Government Agencies Unclear About What ‘One China Policy’ Is: Scholar

Australia may need to educate those within its own government what the ‘One China policy’ is when it comes to relations with Taiwan, argued a senior lecturer.
Government Agencies Unclear About What ‘One China Policy’ Is: Scholar
This photo taken on Aug. 11, 2022, shows Taiwanese flags on a street lane as tourists walk past in Taiwan's Kinmen islands. (Sam Yeh/AFP via Getty Images)

Australia may need to educate employees within its own government about what the “One China policy” is when it comes to relations with Taiwan.

“What exactly is your One China policy?” Roger Lee Huang, a senior lecturer at Macquarie University, asked at a Dialogue titled “The Prospect of Taiwan-Australia Relations” at the University of Technology Sydney on Nov. 10.

Australia follows the United States’ strategic ambiguity policy when it comes to Taiwan, where leadership will neither confirm nor deny whether the country will come to Taiwan’s military aid if the self-governed island is attacked, despite Beijing’s increasing military actions in the Taiwan Strait.

Under the One China policy, the Australian government also does not recognise Taiwan as a country but retains unofficial ties through the promotion of trade and cultural interests.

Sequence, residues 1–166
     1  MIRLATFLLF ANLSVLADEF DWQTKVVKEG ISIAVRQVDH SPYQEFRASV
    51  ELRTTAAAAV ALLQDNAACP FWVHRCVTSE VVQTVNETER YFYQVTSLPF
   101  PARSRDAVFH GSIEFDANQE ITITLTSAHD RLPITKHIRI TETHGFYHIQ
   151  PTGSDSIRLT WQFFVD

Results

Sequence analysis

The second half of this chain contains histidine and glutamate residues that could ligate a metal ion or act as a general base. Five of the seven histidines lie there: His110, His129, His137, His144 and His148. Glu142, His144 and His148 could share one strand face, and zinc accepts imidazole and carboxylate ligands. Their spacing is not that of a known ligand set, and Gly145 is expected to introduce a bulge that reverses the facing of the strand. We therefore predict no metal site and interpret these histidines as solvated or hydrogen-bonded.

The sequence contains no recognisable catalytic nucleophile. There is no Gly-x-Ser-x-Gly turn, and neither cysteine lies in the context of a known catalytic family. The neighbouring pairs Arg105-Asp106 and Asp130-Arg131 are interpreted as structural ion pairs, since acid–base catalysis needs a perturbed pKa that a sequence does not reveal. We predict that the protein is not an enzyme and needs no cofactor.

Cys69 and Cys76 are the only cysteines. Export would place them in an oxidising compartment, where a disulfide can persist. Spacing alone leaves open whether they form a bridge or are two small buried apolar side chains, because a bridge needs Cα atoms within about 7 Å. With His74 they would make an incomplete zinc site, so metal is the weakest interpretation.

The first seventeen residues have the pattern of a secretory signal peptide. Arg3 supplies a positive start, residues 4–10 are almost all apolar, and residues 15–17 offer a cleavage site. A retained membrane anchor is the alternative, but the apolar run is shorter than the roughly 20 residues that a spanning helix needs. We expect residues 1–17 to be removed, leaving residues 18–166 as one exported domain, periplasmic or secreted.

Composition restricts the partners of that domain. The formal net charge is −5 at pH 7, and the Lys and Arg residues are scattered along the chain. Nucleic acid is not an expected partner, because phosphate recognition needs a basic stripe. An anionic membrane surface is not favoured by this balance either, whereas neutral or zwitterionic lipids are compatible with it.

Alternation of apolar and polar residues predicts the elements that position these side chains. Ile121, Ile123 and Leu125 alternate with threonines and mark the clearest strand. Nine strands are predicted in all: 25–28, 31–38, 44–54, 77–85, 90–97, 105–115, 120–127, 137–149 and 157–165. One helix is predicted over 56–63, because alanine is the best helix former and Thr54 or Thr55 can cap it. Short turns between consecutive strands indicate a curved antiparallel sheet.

Mr. Huang cited his own experience in Canberra a few weeks ago.

“[The government] was told, basically, AFP (Australia Federal Police) doesn’t really know how to handle, how to connect with our police liaison officer in Canberra, because they don’t really understand about what the One China policy is,” he told the audience. “They don’t really know what they can do and not do, so it gets all these complications”

The lecturer in terrorism studies and political violence further noted that the problem does not just lie at the federal level, but also at the domestic level in local councils.

He gave an example that happened a few years ago at Rockhampton Council in Queensland.

“There were a couple of little elementary kids doing some nice little painting onto sculptures. That thing had an image of the Republic of China [Taiwan] flag, and because the Chinese, I believe it was a council general, was going to visit that exhibition, they painted over children’s artwork,” he said.

“And of course, people protested. And the council’s response was, ‘Oh, we’re actually following the Australian Government’s policy,’ which is inaccurate. There is no policy to say children can’t draw a flag of the Republic of China.

“So it’s at the very essence of Australia, mainstream circle Australia as well, to actually understand what is the one-China policy.”

Roger Lee Huang, senior lecturer at Macquarie University (Credit to Roger Lee Huang)
Roger Lee Huang, senior lecturer at Macquarie University (Credit to Roger Lee Huang)

While discussions about a potential war are currently making waves, Mr. Huang advocated more talking about peacebuilding.

“I don’t want to undermine the possibility ... of course, I think we’re closest than we ever are with potential conflict,” he said. “Talk more about peace ... That’s one of the things we can do.”